Legal, Payment Questions Linger on Welfare Drug Testing Bill

Legislation calling for drug testing of welfare applicants leaves unclear who will pay for the tests, reports the Tennessean, and it could face a court challenge from the ACLU or others.
The legislation’s latest fiscal note said TANF beneficiaries would cover the costs of the drug tests, estimated at one time to be around $30 apiece. But its Senate sponsor, Sen. Stacey Campfield, R-Knoxville, said after the bill passed that the Department of Human Services would try to help people pay for screenings and possibly the drug tests. A DHS official, Valisa Thompson, said development of the program will not start until July, so nothing specific about it has been determined — including who will bear what costs.
“The department will develop the plan with a goal of minimizing financial impact for all parties,” Thompson said in a statement.
But even as officials develop an implementation plan for the program — estimated to cost more than $200,000 on average in each of the next three years — they may have to confront constitutional questions.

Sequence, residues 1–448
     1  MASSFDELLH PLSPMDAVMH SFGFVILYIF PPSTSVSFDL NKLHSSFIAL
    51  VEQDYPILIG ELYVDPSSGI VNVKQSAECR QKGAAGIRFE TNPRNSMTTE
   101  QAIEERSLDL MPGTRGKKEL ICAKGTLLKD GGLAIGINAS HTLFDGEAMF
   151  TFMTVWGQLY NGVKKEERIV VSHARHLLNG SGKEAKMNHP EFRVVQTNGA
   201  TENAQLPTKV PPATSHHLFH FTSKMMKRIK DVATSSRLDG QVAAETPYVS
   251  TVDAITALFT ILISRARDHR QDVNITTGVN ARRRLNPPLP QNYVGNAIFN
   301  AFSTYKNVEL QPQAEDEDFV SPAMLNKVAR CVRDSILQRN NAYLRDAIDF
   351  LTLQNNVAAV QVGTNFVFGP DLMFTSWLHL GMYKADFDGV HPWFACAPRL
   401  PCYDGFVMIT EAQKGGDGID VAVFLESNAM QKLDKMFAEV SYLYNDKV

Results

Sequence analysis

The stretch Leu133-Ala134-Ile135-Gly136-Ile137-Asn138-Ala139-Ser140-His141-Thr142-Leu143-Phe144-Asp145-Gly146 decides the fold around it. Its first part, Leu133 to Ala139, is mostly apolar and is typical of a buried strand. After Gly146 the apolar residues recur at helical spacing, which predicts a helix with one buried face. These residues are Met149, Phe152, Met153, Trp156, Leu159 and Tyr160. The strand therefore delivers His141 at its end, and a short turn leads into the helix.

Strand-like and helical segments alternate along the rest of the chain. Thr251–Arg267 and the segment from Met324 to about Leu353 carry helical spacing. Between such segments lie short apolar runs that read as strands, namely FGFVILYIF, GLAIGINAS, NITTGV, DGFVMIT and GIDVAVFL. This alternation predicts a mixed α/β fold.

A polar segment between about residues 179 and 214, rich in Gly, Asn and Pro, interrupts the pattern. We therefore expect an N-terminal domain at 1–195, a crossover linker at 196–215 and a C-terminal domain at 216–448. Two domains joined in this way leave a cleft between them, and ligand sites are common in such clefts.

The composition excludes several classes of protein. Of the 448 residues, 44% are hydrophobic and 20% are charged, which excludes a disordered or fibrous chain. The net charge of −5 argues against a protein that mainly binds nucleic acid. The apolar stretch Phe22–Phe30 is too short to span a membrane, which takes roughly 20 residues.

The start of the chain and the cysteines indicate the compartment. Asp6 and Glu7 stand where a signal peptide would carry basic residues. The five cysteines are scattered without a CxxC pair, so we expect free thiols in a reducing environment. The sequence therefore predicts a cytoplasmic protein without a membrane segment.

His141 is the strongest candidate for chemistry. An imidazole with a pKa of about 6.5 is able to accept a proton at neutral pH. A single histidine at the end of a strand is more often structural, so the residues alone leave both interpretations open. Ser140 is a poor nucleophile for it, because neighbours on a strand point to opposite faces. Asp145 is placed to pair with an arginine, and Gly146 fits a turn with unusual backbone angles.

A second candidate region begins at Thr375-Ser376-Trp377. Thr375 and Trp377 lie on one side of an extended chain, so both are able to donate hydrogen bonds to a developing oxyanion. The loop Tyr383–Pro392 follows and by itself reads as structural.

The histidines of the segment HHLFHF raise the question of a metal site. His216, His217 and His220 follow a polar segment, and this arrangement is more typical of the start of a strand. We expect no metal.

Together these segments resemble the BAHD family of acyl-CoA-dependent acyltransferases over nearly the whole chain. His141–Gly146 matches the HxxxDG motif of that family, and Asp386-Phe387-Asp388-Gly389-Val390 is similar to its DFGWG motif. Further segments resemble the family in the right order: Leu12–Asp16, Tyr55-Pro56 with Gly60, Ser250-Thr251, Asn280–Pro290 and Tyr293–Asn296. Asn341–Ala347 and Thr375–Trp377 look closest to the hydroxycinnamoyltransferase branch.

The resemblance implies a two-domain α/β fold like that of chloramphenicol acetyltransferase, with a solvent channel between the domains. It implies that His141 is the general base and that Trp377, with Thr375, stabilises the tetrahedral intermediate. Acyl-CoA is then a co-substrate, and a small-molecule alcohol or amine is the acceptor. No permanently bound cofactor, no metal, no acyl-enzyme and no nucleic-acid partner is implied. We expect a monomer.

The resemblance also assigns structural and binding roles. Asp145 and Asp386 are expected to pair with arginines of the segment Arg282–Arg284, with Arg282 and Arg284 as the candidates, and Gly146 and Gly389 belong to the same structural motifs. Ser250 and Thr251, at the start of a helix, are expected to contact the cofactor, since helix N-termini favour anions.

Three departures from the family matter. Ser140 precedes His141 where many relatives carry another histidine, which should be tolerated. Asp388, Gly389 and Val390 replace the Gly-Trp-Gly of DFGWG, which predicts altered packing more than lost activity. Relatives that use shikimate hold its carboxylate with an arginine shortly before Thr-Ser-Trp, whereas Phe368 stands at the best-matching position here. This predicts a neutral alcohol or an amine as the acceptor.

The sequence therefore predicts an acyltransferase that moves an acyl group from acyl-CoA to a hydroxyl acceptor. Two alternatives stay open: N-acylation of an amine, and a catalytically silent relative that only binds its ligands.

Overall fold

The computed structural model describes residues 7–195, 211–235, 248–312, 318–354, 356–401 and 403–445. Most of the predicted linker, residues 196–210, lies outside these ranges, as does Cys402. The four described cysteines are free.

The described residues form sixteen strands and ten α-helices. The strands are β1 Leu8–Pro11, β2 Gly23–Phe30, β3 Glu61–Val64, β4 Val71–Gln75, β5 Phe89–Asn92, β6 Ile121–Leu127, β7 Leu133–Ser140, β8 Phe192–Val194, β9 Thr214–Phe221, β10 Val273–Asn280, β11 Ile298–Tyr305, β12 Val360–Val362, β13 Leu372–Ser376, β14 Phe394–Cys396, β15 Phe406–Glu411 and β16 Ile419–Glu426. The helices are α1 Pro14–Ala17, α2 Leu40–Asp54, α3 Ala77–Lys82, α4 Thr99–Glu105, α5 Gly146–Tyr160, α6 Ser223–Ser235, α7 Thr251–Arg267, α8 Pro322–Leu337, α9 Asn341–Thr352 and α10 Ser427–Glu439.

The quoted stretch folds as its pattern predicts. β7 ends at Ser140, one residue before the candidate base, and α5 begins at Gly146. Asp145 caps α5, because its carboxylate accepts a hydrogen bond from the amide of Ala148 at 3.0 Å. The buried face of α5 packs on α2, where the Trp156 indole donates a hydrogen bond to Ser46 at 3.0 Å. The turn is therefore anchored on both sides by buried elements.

…(Attorney General Bob) Cooper has yet to weigh in formally on the current bill, but others say the new law might not withstand a constitutional challenge.
“I don’t think it comes close. It’s undefined and unspecified,” said Ed Rubin, a professor of law and political science at Vanderbilt University. “It just allows for general surveillance. It doesn’t provide any probable cause, which is required by the Fourth Amendment.”
Rubin said that while the Fourth Amendment does allow people seeking certain jobs, such as airplane pilots and machinery operators, to undergo mandatory drug tests, cases like these occur when public safety is at stake.
“That rationale is completely lacking here,” he said. “There is no plausible public safety argument from the general Fourth Amendment.”
The legislation also has drawn criticism from the Tennessee chapter of the American Civil Liberties Union, which sent a letter to the governor calling the bill into question and urging Haslam to veto it.
The organization has not yet decided to sue the state, said Hedy Weinberg, executive director for the ACLU’s Tennessee chapter. State chapters of the ACLU sued over similar legislation in Florida and Michigan. The state already expects to spend more than $100,000 in legal costs, according to the bill’s fiscal note.
Weinberg said the legislation lacks clear guidelines and needs clarification, including its implementation policy and treatment referral process, but still might not pass the legal test.
“The bottom line is that it targets a certain socioeconomic group of people without suspicion or probable cause,” she said.

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